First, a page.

Cosmas I of Constantinople


Cosmas I of Constantinople (Greek: Κοσμάς Α΄ Ιεροσολυμίτης), (? – after 1081) was Patriarch of Constantinople from 2 August 1075 to 8 May 1081.

Cosmas I of Constantinople
Ecumenical Patriarch of Constantinople
ChurchChurch of Constantinople
In office2 August 1075 – 8 May 1081
PredecessorJohn VIII of Constantinople
SuccessorEustratius Garidas
Personal details
Diedafter 1081


Originally from Antioch, Cosmas was educated and resided in Jerusalem for a large part of his life, earning his geographic epithet. He may have been appointed to the patriarchate out of a monastery near or in Jerusalem.[1]

He crowned the Byzantine Emperor Nikephoros III Botaneiates. He disapproved of Nikephoros' marriage to the ex-wife of the previous Emperor Michael VII but took no further action than degrading the priest who performed the service.[2] Later he used his influence to try to convince him to resign as his popularity declined and the empire entered a period of instability.

Cosmas likewise crowned Alexios I Komnenos in 1081. When Alexios attempted to repudiate his wife Irene Doukaina to marry the ex-empress Maria of Alania, Cosmas successfully blocked the move as she had already been twice married. Cosmas resigned or was forced out soon after, as Alexios' mother, Anna Dalassene, disliked Irene's link to the Doukas family and resented this interference.[3] She further pressed for the resignation as she wished to place her favourite on the patriarchal throne, which she achieved with the appointment of the ill-educated Eustratius Garidas.[4] According to Anna Komnene, Cosmas resigned voluntarily on the condition that he be allowed to crown Irene empress first, which he did and then left.[5]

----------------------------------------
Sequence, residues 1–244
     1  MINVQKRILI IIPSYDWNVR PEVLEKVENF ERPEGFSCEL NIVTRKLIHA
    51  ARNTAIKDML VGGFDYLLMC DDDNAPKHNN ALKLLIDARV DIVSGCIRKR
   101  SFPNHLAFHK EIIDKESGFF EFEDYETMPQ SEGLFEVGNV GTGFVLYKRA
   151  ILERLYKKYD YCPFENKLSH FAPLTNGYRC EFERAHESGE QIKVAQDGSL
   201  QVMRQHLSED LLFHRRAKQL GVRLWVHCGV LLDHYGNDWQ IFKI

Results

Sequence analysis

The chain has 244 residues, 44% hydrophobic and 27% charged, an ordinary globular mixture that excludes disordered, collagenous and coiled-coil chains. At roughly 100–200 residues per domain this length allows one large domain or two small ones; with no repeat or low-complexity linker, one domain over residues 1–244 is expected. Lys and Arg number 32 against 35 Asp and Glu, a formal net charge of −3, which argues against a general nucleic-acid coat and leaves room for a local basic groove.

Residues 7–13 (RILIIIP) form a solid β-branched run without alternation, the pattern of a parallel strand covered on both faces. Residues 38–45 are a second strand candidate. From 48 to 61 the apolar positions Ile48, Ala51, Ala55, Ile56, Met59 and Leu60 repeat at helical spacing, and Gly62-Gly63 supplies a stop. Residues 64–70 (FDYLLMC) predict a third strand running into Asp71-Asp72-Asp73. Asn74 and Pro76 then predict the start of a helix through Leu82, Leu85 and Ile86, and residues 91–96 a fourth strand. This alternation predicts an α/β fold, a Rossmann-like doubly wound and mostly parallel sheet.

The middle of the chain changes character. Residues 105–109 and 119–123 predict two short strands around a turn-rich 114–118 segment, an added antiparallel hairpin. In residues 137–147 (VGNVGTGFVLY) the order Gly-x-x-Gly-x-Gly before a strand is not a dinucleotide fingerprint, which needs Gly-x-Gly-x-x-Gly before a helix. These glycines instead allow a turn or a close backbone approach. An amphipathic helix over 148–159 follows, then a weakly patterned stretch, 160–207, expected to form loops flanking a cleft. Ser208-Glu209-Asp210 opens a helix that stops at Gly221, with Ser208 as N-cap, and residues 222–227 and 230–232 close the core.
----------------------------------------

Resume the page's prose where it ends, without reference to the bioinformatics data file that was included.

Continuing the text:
The most important synodal action taken by Cosmas was the condemnation, in 1076–1077, of certain heretical views taken by John Italos, a scholar connected to the Doukas family.[6] In a more general sense, Cosmas' retirement is said to mark a period where, between Alexios I and the emperor Manuel I Komnenos, the Church was moved to a position of dependence on, identification with, and subservience to the state, reversing the greater self-determination the Church had exercised through the eleventh century.[7] The historian John Skylitzes (continuatus) speaks poorly of Cosmas, suggesting that the emperor selected him for his lack of greatness, writing that after the death of the previous patriarch, Michael VII "chose another, not from those of the senate, nor from those of the Great Church, nor any other of the Byzantines famed for word and deed, but a certain monk Cosmas sprung from the Holy City, and honoured by the Emperor... although he was without wisdom or taste...."[8]

He was proclaimed a saint by the Orthodox Church, with his feast day on 2 January (new calendar).


  • Buckler, Georgina. Anna Komnena: A Study. Oxford: University Press, 1929.
  • J.M. Hussey. The Orthodox Church in the Byzantine Empire. Oxford: University Press, 1986.
  • Paul Magdalino. The Empire of Manuel Komnenos. Cambridge: University Press, 1993.
  • John Julius Norwich. "Byzantium: The Decline and Fall". (New York: Alfred A. Knopf, 1996) p. 7.


  1. ^ Buckler, p. 290, note 5.
  2. ^ Hussey, p. 140.
  3. ^ Hussey, p. 140.
  4. ^ Magdalino, p. 268.
  5. ^ Hussey, p. 140.
  6. ^ Hussey, p. 140.
  7. ^ Magdalino, p. 303.
  8. ^ Buckler, p. 290, note. 5.
Eastern Orthodox Church titles
Preceded by Patriarch of Constantinople
Succeeded by